Dip beneath that flapping noren curtain and ask if you can squeeze in at the bar. If you get turned away, which often happens, so be it. In Japan, locals are often the most gracious, jolly, and welcoming — just don’t take anything personally and open yourself up to a little adventure.
I’m so content sitting here and writing this right now. Greg’s in the cafe, reading and doing some writing himself. Before Nagasaki, Greg and I visited Fukuoka, another city in Kyushu which is the southernmost of the big four islands which make up Japan.
We sat in the park on a beautiful day and just hung out and read. We discussed how that was just as enjoyable as trying to fit in as much as possible into the three days we were there.
I believe one of the best ways to get the feel for a city is to stay in an interesting place and watch the world go by — a river, a park, a busy street corner. Just be. Observe. Smile as the kids walk by all goofily with their families as I’m doing now.
Enjoy the site of locals coming and going from work, departing into the evening.
Travel is about experiencing something new, a change of scenery, a foreign way of life. For me, it’s about noticing the way the world makes me feel — thus, helping me understand.
Do what you enjoy when traveling. If you want to chill, do it. If you want to hit the sites, get out there.
In honor of Bourdain, don’t be afraid to ask for recommendations from the guy or girl beside you at the restaurant. Beyond that insecurity exists my deepest joy, new friends in a foreign land.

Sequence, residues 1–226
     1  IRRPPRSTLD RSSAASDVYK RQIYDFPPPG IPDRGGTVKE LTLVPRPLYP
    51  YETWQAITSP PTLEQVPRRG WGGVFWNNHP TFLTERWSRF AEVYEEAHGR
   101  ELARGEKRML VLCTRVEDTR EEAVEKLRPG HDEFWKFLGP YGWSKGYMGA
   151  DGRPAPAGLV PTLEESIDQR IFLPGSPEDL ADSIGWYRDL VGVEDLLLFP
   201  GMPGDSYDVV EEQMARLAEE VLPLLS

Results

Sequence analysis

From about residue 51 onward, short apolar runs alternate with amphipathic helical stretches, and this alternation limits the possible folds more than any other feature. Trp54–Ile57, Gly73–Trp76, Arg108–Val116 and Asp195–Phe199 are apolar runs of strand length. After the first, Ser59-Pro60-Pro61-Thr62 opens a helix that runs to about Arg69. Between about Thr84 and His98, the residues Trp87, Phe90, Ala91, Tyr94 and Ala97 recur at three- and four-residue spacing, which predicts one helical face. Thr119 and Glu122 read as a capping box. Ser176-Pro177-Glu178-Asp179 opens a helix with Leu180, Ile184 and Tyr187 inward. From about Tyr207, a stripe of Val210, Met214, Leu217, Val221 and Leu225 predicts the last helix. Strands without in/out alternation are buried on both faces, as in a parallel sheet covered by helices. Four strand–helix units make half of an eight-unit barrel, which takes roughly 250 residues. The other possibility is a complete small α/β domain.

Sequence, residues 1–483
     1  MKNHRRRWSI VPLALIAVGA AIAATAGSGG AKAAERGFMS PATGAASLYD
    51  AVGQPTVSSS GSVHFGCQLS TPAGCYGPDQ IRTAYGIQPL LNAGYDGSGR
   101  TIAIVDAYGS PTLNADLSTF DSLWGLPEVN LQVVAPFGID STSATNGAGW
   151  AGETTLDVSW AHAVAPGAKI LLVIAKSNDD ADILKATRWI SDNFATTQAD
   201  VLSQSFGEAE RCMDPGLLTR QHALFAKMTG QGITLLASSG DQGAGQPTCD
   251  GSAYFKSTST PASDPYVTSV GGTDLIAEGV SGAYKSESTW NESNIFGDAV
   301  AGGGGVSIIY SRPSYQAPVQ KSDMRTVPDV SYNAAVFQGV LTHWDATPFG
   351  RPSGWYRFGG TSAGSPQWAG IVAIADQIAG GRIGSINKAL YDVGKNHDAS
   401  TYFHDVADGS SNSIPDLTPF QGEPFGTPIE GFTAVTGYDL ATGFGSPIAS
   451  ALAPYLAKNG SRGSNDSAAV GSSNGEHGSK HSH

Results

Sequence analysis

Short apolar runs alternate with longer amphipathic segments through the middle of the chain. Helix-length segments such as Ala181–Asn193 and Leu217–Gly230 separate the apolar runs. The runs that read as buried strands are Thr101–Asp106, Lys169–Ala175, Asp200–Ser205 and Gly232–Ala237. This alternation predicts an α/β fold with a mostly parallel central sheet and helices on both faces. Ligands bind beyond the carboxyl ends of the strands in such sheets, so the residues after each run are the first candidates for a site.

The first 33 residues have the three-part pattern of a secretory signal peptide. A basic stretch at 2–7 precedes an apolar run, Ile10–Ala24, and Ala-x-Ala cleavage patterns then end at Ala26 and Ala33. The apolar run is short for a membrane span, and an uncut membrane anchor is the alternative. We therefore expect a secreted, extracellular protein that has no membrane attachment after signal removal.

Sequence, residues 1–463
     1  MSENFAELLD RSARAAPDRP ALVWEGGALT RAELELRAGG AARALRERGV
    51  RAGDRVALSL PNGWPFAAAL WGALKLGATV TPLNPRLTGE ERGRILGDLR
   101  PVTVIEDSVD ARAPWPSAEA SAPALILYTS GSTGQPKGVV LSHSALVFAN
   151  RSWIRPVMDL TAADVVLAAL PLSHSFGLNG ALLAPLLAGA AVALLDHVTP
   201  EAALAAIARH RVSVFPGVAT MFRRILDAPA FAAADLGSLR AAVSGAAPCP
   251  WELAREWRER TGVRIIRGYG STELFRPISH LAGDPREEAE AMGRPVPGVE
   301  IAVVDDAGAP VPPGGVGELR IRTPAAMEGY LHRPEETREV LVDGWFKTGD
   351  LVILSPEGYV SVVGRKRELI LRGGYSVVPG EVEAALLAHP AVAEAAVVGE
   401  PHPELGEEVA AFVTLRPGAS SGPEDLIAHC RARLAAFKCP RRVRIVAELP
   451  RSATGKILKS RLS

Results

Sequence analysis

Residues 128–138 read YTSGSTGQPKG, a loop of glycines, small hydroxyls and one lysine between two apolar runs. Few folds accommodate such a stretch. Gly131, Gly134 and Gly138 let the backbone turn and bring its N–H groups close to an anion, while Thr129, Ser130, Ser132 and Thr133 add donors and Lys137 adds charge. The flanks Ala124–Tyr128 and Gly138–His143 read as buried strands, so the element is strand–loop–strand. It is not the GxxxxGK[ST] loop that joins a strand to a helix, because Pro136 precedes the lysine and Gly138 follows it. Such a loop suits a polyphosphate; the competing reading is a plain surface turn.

As we discovered last night before falling into that truly outrageous crew, locals are usually more than happy, in fact delighted, to share what they love about their city — the local food, the hidden gems, the good stuff.
Sure, we’re hungover today. But, I’m reminded of a lesson imparted from an older fella I’d met over the summer in Naples.
There was another young kid staying at the hostel, and he didn’t go out or do much at night. Nothing wrong with that; whatever makes you happy. In the mornings he and the older guy got into discussions about history, culture, religion, as the older man clearly had travel experience and the kid was interested.
The man told me there was a concert at a bar one night. I met him and his girlfriend out there. I went solo, and they were surprised I showed up. We talked and had a few beers in front of the bar, and the man told me how he was impressed that I even cared to talk to them.
When he was my age, he said, he would never have never just chilled out in front of the bar talking to an older couple, genuinely interested in what they had to impart.
He was loose, drinks were flowing, vibes were fun. Max is a great kid (from the hostel), he said, but things don’t get interesting in a city until after 10pm. Sure, you might feel sprightly and ready to attack the day if you stick to your home sleep schedule.
But you might forgo life-changing, soul nourishing experiences with locals of another country. We’re all much more similar than we realize. the news, the stereotypes, the negativity paints us as otherwise.
I think it’s worth it to get out there and find out for yourself.